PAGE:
Hazinski, who teaches broadcast news at Grady College, University of Georgia, points out that "while both print and broadcast gain advantages from Web-based expansion, broadcasters really get little out of a marriage with print...so it is basically a one-way street, not a partnership."
While a broadcast story can easily be made into a print, Web or radio story, he notes the reverse doesn't hold true for Web and print stories. He continues:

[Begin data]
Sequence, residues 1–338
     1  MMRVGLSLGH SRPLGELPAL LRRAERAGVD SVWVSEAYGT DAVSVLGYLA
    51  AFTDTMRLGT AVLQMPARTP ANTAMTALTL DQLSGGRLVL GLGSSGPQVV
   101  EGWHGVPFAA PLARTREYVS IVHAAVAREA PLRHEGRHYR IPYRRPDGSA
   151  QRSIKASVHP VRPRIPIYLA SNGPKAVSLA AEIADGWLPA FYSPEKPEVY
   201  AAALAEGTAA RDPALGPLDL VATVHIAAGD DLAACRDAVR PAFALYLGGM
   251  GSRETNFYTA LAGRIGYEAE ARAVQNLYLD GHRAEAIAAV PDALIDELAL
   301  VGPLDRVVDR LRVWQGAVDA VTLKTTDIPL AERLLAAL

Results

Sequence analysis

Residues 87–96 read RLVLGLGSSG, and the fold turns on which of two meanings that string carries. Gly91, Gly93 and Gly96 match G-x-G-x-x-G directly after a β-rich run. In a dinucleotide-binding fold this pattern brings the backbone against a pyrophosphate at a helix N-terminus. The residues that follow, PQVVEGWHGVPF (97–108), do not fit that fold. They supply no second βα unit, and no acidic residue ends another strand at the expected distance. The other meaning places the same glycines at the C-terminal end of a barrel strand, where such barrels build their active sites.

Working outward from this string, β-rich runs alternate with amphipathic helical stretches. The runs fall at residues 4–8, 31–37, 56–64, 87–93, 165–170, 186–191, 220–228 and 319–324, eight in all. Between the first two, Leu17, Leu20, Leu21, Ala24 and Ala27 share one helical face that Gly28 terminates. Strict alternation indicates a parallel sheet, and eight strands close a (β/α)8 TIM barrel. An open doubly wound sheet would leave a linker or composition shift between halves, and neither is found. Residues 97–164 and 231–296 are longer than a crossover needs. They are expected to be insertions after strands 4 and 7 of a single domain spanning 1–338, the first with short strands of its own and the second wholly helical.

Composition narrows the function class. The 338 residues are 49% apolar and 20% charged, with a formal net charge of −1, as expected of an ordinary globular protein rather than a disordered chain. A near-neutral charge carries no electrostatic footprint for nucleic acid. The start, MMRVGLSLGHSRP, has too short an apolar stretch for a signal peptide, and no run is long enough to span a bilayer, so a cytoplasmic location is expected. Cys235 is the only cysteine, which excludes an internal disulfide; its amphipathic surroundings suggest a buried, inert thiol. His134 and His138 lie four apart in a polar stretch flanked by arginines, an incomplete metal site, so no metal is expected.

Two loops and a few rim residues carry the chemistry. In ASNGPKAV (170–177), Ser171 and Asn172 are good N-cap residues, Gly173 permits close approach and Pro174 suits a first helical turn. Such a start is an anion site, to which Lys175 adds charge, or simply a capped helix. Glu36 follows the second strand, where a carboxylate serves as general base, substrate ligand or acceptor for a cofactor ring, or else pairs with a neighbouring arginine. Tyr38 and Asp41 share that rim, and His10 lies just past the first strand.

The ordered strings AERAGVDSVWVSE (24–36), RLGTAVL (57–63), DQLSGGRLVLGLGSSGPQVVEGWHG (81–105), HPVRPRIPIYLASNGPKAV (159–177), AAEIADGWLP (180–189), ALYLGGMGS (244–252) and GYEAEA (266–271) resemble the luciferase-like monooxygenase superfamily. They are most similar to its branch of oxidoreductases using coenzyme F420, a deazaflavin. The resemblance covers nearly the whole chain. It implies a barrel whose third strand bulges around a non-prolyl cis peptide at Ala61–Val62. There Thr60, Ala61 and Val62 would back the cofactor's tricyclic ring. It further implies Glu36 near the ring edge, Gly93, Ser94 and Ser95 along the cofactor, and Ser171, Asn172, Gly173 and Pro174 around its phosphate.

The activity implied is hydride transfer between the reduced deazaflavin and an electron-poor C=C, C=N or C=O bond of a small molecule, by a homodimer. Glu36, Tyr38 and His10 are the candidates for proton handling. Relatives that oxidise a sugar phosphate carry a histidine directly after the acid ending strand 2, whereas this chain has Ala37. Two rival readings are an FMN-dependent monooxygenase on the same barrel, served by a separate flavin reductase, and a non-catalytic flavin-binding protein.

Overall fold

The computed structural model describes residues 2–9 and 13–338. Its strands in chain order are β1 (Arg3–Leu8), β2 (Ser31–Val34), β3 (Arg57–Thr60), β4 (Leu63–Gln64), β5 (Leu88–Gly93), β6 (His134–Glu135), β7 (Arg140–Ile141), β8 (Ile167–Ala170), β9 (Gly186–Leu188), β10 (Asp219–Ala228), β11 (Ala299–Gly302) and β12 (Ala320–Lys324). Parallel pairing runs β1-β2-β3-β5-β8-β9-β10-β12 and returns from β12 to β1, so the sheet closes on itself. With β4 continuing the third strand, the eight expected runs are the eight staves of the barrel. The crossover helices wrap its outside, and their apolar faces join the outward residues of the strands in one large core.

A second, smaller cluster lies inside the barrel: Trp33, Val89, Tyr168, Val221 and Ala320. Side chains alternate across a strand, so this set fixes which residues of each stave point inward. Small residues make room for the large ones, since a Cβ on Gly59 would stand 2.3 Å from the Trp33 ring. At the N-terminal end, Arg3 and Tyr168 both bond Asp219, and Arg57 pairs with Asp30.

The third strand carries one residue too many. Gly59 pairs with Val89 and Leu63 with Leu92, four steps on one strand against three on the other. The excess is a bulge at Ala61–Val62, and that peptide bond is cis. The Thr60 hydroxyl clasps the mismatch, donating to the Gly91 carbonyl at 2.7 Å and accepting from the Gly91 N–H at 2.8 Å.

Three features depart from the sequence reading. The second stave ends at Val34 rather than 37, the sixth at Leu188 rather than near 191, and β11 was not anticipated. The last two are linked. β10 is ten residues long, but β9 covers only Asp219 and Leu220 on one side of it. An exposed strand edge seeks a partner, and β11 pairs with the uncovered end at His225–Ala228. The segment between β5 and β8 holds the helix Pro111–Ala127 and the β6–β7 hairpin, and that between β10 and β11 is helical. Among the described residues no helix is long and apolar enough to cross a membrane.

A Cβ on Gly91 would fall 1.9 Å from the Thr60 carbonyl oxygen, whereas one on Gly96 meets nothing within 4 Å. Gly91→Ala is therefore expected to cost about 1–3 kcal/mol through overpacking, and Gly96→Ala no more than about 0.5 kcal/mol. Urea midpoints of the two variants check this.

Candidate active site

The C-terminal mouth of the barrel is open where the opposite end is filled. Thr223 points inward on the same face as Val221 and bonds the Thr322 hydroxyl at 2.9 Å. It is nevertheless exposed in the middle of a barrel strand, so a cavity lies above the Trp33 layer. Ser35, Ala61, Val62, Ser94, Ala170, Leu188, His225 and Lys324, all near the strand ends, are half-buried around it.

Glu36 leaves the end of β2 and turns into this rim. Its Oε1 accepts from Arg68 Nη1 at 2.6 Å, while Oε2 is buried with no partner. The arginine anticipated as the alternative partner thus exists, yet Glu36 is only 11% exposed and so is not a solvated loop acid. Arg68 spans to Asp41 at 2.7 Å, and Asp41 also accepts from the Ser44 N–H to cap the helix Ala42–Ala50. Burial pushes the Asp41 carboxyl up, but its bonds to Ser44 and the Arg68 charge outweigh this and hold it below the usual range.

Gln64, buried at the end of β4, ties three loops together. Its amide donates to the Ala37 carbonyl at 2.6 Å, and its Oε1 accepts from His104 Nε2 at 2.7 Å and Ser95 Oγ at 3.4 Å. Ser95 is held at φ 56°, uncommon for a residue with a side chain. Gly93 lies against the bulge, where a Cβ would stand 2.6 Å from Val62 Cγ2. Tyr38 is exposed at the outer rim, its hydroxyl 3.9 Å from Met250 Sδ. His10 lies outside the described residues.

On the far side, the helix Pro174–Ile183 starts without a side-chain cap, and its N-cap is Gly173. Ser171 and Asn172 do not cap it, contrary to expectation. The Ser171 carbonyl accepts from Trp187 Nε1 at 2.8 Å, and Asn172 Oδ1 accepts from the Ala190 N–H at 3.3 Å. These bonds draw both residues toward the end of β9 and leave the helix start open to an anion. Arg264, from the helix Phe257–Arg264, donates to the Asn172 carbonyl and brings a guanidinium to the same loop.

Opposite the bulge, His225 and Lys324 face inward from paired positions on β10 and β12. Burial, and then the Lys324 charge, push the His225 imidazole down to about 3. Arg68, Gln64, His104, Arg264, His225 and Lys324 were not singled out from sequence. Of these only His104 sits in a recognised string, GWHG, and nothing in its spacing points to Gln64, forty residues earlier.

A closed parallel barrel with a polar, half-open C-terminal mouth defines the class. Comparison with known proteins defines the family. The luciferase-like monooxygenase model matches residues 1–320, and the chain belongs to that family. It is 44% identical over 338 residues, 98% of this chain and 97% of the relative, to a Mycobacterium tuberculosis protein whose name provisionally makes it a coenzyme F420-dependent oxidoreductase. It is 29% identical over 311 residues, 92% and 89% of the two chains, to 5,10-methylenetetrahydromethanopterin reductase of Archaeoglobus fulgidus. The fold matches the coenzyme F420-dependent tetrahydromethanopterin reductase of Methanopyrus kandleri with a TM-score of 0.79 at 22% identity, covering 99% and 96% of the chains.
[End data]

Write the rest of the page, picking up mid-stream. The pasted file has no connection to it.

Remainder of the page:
The issue isn’t “print and broadcast and the Web,” the issue is the Web or, more specifically, Internet-based distribution. Print and broadcast are both rapidly losing audience to online journalism. Dozens of studies say this isn’t just about distribution but a migration to a different kind of journalism, one that addresses smaller, more discreet rather than mass audiences. Convergence doesn’t address that trend.It's hard for us old-schoolers to let go of what we know, but new mediums require new approaches...and the web is a new medium. What the web is not is a combination of all our existing mediums, wrapped into one neat little package. In fact, if there's one thing the web is not, it's a neat little package. The web is messy...like the world.